Canadian Journal of Communication, Vol 34 (2009)
©2008 Canadian Journal of Communication Corporation


Review

Kristin A. Swenson
Butler University, U.S.


bookSelling Sickness: How the World’s Biggest Pharmaceutical Companies are Turning Us All into Patients. By Ray Moynihan & Alan Cassels. Vancouver/Toronto: Greystone Books. 2005. 272 pp. ISBN 1553651316.


Ray Moynihan and Alan Cassels’s Selling Sickness is a welcome and accessible exposé of profit-driven pharmaceutical companies and their extensive influence in selling sickness to the “healthy well.” The authors argue that “the pharmaceutical industry is working behind the scenes to help define and design the latest disorders and dysfunctions in order to create and expand markets for their newest medicines” (p. vii). They contend that this process turns “too much ordinary life into medical illness, in order to expand markets for medications” (p. xix). The authors reveal how so-called sicknesses, ranging from high cholesterol to female sexual dysfunction, are invented and marketed, in order to sell their corresponding medicinal cures.

In aggregate, the ten chapters explore how the pharmaceutical complex makes use of advertisers, celebrity endorsers, patient groups, medical professionals and associations, and even federal regulators, to ensure that their drugs get sold. The strengths of this volume are its journalistic style, accessibility, and breadth. 

According to the authors of this study, medical conditions have been routinely broadened so as to increase the number of possible candidates for prescription medications. For instance, the number of depressed persons has been highly inflated with revised definitions of depression; ADD has been increasingly diagnosed in adults; and personality qualities like shyness are now explained as social anxiety disorders. Other illnesses such as high cholesterol are not really illnesses in and of themselves. Rather, as the authors explain, they may be indicators or risk factors for future illnesses, but only when combined with other indicators. Defining high cholesterol as an illness promotes the fear that high cholesterol is synonymous with heart disease and allows pharmaceutical companies like Pfizer to expand its market to the healthy and insured in order to profit from their best selling drug Lipitor. As the definitions of disorders expand and, as we are offered more and more drugs to deal with them, we are all more readily interpellated into the subjectivity of sickness.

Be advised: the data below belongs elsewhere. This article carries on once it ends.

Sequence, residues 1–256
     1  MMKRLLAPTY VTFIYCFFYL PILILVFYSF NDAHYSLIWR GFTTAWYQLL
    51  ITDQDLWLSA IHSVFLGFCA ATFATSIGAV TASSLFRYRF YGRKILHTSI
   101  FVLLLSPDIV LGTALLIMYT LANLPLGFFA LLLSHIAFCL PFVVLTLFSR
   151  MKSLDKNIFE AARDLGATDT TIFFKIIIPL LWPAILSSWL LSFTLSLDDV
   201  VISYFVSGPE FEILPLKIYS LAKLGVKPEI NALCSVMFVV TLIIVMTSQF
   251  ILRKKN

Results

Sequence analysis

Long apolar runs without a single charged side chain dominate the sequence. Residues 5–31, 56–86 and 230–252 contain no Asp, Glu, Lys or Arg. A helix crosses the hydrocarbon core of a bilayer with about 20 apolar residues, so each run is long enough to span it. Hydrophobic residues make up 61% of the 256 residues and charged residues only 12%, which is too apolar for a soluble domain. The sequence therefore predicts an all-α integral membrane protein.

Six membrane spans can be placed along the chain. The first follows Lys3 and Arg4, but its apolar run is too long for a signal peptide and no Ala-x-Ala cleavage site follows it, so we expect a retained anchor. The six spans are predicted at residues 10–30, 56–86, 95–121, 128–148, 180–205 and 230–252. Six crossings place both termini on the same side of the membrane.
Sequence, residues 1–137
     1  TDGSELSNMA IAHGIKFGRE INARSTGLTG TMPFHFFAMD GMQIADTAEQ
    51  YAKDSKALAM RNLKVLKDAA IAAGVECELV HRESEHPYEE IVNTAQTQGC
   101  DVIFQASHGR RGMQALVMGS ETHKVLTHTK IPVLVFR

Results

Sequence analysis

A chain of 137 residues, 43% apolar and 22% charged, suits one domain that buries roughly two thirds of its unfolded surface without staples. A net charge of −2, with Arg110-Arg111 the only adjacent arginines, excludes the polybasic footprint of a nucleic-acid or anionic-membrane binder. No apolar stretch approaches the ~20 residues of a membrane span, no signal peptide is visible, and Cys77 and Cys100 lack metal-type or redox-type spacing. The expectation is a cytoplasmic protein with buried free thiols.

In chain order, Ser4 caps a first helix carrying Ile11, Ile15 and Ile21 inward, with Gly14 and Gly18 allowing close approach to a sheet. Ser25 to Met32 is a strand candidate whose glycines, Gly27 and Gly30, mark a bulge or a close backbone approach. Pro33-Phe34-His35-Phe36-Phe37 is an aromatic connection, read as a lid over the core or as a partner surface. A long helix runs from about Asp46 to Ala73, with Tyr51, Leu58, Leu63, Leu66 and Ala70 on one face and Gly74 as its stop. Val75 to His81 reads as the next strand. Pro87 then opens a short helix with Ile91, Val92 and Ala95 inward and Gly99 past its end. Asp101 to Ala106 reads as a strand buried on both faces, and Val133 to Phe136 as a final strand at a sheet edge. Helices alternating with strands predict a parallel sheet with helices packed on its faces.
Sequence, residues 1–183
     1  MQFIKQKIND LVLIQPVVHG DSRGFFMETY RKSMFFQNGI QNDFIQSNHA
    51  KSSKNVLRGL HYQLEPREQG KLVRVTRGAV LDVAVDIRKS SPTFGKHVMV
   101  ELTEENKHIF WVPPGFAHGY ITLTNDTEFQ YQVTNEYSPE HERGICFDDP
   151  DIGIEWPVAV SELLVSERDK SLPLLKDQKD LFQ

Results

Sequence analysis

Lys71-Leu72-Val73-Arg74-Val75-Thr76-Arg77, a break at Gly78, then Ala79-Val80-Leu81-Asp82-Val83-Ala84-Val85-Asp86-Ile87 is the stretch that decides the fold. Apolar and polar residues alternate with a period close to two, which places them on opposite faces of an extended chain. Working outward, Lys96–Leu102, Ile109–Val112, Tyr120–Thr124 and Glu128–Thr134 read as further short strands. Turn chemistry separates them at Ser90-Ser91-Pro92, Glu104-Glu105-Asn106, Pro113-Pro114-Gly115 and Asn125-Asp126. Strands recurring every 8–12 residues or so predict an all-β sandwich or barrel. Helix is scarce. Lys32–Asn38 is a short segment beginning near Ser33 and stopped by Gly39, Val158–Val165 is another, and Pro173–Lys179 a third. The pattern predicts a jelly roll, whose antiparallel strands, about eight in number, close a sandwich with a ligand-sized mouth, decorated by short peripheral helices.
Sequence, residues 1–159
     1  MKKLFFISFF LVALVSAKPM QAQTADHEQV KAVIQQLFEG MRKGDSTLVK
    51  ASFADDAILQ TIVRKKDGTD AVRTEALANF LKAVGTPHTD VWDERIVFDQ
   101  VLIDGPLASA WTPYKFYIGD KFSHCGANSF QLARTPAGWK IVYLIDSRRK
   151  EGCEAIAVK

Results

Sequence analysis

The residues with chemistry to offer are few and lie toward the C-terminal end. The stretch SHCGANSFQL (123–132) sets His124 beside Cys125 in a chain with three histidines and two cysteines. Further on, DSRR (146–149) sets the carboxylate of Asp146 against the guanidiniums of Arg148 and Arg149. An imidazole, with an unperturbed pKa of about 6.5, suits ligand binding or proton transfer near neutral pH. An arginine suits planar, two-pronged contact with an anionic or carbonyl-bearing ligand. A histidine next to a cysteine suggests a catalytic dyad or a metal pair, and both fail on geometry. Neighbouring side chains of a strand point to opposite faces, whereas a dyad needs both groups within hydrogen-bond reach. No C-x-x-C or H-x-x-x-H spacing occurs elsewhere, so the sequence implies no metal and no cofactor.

In order to broaden their markets by expanding the definitions of sickness, pharmaceutical companies often work with their “thought-leaders,” prestigious academics and researchers who are “on drug company payrolls as advisers and paid speakers” (p. 6). Drug companies employ celebrities and “real people” to proffer their ailments and their attendant drug cures. In a chapter discussing menopause and entitled “Working with Celebrities,” the authors discuss the prevalence of well-known stars such as Cybil Shepard and Lauren Hutton who have publicized their experiences with menopause and their preferred pharmaceutical treatments, without disclosing their paid affiliation with the sponsoring drug companies. Celebrities are paid handsomely for their endorsements and yet they are not beholden to the same FDA regulations as the drug companies. Celebrities are not the only ones on the payroll. The chapter, “Partnering with Patients: Attention Deficit Disorder,” tells us that patient advocacy groups such as Children and Adults with Attention-Deficit/Hyperactivity Disorder (CHADD) receive much of their funding from pharmaceutical companies like Shire, the makers of Adderal. In return, these patient advocacy groups are often called upon to represent “real people” in advertisements and to raise awareness of their disorders and its drug treatments.